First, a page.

“For small and medium sized business owners there is good news and bad news in the deal to avoid the fiscal cliff. In addition, the deal strongly underscores the need for business owners to sharpen their own pencils to cut their taxes. NOTE – this article is written after the Senate vote on the Fiscal Cliff deal but before the House has taken any action – will update if there are any substantive tax changes.
First, let’s start with the good news. Greater certainty in taxes (although as you will read below, you may not like what is certain). More than any other issue I hear about from business owners and their accountants is the need for certainty in taxes. A recent study by the Mercatus Center highlights the economic drag of uncertainty in taxes.
The tax deal makes permanent a number of tax provisions (after making changes from current 2012 policy), including the tax rates on ordinary income; estate tax; dividends and capital gains – and best of all, the alternative minimum tax (AMT). NOTE: The payroll tax holiday was ended.
On AMT the current exemption of $33,750 individual and $45,000 married is increased to $50,600 single and $78,750 married and indexes the exemption and phaseout amounts. KEY – this new AMT fix is for tax years beginning after December 31, 2011 – i.e. the 2012 tax year. Happy day.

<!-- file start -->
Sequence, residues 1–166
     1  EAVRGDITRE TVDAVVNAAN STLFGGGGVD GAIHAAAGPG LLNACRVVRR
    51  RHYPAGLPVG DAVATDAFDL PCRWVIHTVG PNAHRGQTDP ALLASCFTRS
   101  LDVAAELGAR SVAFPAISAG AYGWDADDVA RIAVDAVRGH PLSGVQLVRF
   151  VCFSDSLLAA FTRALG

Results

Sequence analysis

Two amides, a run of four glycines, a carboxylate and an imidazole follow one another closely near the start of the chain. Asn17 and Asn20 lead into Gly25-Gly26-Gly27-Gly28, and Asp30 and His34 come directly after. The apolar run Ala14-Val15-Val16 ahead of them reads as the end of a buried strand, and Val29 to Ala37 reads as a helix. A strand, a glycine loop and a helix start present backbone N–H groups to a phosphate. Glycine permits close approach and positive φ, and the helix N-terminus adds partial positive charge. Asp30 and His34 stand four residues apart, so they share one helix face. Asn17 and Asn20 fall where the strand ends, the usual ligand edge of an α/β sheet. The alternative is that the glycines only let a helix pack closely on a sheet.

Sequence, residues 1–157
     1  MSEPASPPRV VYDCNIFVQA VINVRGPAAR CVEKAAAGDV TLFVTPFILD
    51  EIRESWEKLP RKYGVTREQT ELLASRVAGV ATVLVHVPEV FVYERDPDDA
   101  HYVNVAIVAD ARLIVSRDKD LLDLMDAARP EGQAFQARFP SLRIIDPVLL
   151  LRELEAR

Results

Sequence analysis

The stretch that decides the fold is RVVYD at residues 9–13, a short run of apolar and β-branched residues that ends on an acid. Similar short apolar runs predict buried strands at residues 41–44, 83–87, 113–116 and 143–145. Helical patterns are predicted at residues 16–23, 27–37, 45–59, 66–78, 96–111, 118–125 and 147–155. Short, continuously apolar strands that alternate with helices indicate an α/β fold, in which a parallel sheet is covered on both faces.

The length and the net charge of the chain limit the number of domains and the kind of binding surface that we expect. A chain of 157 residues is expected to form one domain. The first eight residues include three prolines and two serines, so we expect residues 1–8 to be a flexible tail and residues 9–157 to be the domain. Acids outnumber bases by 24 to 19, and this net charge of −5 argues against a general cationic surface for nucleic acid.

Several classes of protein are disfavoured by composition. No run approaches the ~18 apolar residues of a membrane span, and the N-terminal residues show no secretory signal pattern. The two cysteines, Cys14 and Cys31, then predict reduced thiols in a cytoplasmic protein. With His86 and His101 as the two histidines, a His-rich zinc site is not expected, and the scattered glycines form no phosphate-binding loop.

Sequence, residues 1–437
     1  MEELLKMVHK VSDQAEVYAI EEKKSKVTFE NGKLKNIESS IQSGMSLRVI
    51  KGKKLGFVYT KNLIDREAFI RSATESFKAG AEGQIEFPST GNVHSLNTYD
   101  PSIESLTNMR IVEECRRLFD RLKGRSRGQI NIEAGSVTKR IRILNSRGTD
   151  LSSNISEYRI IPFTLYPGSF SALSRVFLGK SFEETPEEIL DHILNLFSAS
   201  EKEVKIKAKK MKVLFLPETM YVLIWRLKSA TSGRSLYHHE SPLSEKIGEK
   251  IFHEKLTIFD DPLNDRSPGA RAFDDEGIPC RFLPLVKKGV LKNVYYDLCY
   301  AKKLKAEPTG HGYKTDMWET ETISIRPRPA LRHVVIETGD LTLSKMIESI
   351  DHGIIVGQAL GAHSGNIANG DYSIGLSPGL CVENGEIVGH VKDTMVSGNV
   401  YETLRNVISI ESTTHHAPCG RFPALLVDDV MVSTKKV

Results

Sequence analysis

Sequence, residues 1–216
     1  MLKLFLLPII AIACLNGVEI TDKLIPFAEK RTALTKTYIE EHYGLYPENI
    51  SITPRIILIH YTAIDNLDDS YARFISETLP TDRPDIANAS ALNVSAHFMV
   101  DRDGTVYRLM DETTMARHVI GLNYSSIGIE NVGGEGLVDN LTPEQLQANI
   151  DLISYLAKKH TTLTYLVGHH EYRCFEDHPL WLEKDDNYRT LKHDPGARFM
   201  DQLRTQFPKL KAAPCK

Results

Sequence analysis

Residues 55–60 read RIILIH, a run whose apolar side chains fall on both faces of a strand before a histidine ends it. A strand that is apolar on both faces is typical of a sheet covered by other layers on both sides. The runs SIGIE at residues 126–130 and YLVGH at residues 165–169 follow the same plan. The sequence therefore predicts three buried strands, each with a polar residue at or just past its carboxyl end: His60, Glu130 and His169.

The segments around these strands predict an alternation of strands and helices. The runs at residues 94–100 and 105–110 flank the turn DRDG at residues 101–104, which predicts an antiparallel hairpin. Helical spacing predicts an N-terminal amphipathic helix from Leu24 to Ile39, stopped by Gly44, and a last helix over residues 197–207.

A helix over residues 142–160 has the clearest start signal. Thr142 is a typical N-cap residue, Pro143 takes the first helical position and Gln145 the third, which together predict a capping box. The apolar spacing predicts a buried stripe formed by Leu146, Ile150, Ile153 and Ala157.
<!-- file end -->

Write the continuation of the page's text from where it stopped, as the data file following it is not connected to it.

BUSINESS PROVISIONS EXTENDED (not permanent) – The most important tax credit for small and medium business owners – the Research and Development (R&D) tax credit was extended through 2013 and made retroactive for 2012 (see more below); Work Opportunity Tax Credit extended one year; Section 179 – keeps in place the 2010/2011 levels of a maximum amount of $500k and $2 million phase-out for 2012 and 2013; Accelerated Depreciation — the Senate deal provides for 50 percent expensing for qualifying property purchased and placed in service before January 1, 2014 (and January 1, 2015 for certain long-term assets and transportation).
Now, the bad news – the tax increases – and the hidden tax increases.
ORDINARY INCOME: While the tax deal increases the rates at a higher level than first proposed by the President ($200k single/250k married) – it does increase the rates from 35% to 39.6% at $400k single and $450k married (talk about a marriage penalty). From 2012 tax policy this is a tax increase of $396 billion over 10 years. Don’t forget, there is also the 0.9 percent tax increase on ordinary income over 200k/250k already set to begin in 2013 thanks to the health bill. Given that small and medium businesses are overwhelmingly organized as pass-thrus (LLC’s; S Corps; partnerships) – it is the ordinary income rate that hits these business owners – not the corporate rate (which was untouched in this deal)….”